Recycle processing equipment cannot handle small bits of plastic. 500 million straws were being used every day in the U.S.; they plus the ubiquitous plastic stirrers and plastic knives, forks, and spoons slip through the machines. And yet they can be found by the 1000s in our creeks, pathways, streets, at bus stops, and blown into people’s yards.

These are just a few of the reasons why last Summer we took our “Skip the Straw” campaign to El Cerrito’s Environmental Quality Committee, an advisory group to the City Council. Although we called it “Skip the Straw,” what we really want is for our city to ban all 1-time use and non-recyclable and non-compostable foodware. In July 2018 we started an awareness campaign at the One World Festival, and collected signatures of El Cerrito residents. We had a contest for people to guess how many plastic straws were picked up at the festival, and gave out organic plants as prizes. We made informal and formal presentations to the EQC, whose members acknowledged that we had done the heavy lifting for them by doing a lot of relevant research, complete with references to problems and cases where cities, states and whole countries are tackling the issue.  We showed them the environmental, health, litter, and economic consequences of so much plastic being used and tossed on streets, in creeks, in parks, and all around town. As a result, EQC set up a sub-committee on plastics and declared 2019 The Year of Plastics.

Other cities are way ahead of us. Richmond passed their food ordinance in 2010 that required food providers to stop using disposable foodware and use recyclable or compostable foodware, encouraging them to provide reusable containers. Polystyrene foodware was banned in 2018. In December 2018 they added bans on the use and sale of all plasatic straws and stirrers by retail establishments, food providers, and transient lodging, and added utensils and lids to the list of disposable foodware that must be compostable or recyclable and applies it to City facilities and events. In January 2019 after a council member  introducing the idea in April 2018, Berkeley passed an ambitious comprehensible Single-Use Foodware and Litter Reduction ordinance.  Among other things, the Berkeley Ordinance includes small items such as plastic packets of condiments (e.g., ketchup), customers are encouraged to bring their own clean beverage containers for takeout beverages or be charged 25¢ for a disposable cups. Disposable foodware must be BPI Certified Compostable starting January 2020. The details about their ordinance are a role model for other municipalities to follow to get to Zero Waste.

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Although we have urged the EQC to work on a comprehensive plastics and non-compostable foodware ordinance, the staff has told EQC and us that they are only willing to work on a plastic straw and stirrer ban this year.

Our belief is that it will take a lot of effort just to go this one small step, and question why we should not design a comprehensive foodware and anti-litter ordinance that supports the healthy and safety of workers, diners and drinkers, and helps business improve their bottom financial line. Rethink Disposables, part of Clean Water Action has helped businesses save money by eliminating disposable foodware.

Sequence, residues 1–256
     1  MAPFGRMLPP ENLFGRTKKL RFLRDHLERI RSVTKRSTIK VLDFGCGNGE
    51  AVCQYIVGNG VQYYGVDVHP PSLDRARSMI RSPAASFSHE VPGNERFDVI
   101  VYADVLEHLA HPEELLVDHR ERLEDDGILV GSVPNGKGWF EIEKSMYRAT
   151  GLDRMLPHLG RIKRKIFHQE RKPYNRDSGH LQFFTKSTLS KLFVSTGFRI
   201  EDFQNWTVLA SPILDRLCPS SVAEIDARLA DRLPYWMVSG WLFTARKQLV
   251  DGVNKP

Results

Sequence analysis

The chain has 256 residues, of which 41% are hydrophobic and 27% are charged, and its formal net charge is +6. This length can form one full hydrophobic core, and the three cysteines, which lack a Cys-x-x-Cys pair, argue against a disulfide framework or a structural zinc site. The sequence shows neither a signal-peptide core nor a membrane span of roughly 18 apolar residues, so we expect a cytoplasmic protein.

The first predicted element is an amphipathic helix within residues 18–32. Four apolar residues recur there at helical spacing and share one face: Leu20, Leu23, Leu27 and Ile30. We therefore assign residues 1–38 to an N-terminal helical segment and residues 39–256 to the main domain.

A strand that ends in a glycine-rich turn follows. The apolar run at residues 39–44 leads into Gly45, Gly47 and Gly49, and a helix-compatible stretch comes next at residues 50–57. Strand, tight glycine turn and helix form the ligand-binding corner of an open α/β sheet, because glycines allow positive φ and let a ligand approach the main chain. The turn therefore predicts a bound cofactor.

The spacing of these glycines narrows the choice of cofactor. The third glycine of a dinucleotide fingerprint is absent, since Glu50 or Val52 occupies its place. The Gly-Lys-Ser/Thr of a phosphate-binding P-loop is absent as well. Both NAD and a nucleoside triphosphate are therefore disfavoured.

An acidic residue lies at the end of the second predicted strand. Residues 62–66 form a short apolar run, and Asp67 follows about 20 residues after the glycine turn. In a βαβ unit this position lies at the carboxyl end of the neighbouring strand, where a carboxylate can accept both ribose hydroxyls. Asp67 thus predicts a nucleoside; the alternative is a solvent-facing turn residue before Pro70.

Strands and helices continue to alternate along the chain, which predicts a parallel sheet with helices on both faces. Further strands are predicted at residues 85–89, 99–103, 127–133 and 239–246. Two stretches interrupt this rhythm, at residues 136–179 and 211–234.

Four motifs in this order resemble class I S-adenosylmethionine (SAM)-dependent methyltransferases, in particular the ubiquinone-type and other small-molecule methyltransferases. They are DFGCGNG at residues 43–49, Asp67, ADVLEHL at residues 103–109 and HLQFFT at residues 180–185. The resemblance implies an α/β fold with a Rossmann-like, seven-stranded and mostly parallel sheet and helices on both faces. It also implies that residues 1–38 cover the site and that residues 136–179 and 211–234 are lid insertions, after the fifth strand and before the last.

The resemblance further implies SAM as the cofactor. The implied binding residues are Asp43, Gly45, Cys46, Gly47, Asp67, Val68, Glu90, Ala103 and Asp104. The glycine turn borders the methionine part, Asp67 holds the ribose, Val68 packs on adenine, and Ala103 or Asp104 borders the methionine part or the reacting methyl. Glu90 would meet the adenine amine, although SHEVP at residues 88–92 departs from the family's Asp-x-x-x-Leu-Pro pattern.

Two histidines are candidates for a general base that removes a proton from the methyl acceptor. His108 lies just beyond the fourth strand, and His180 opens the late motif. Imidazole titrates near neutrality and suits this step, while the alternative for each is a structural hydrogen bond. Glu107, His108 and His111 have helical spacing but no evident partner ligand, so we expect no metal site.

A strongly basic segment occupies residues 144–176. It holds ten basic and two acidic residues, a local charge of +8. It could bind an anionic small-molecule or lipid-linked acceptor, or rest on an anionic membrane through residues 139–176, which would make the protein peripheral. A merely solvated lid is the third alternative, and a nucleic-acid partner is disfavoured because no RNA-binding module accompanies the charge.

If you care about the health of our city and its inhabitants, food providers and workers, please join our campaign. Contact us through this website.

Barbara Chan, Convener for Environmental Justice

* For years i have cleaned and re-used plastic bags, like my mother before me, taking them with me to the store. Lately I stopped putting my produce into bags and just pile apples and oranges on the conveyer belt and then put them loose into my large cloth grocery bag or my wicker basket.

 

 

Refugees, Immigrants and Trauma – a community responds

HumanRights


Dr. Adrianne Aron speaks on Human Rights and Wrongs

Saturday, March 23, 2019

3:00- 5:00 pm

Berkeley Zion Presbyterian Church in El Cerrito


Join Dr. Adrianne Aron and learn of her journey into the lives of the men, women and children living without a homeland and seeking a safe place in the United States.  How does their journey impact their lives and ours?
Human Rights and Wrongs grew out of Dr. Adrianne Aron’s experience as a liberation psychologist serving immigrants and refugees who have suffered traumatic abuse. This experience also generated Writings for a Liberation Psychology (Harvard University Press, 1994); her English translation of Mario Benedetti’s powerful play about torture, Pedro and the Captain (Cadmus Editions, 2009); and several professional articles, book chapters, and lectures about the unique challenges of doing psychology with oppressed populations. For respite, she took up writing short prose pieces, which won her acclaim in the worlds of both fiction and nonfiction. She has been awarded literary prizes by, among others: New Millennium Writings, Able Muse, the Jack London and San Francisco Writers’ Conferences, and the California Writers Club. 
Adrianne Aron took up fiction writing for respite from her long hours with traumatized refugees. The recognition she received for her short fiction encouraged her to write Human Rights and Wrongs, a work of nonfiction, in the style of a collection of stories for the general reader rather than as didactic narrative. Dr. Aron used to think of herself as a psychologist who writes. Nowadays she thinks of herself as Adrianne, a writer who does a little psychology. She lives in the San Francisco Bay Area where she is an active advocate for social justice.
In addition to Dr. Aron’s presentation on her latest book, the community event sponsored by El Cerrito Progressives – Social and Racial Justice Committee will provide participants and opportunity to share information on advocacy and action including opportunities to support refugees and immigrants locally.
For more information about the event:  elcerritoprogressives@gmail.com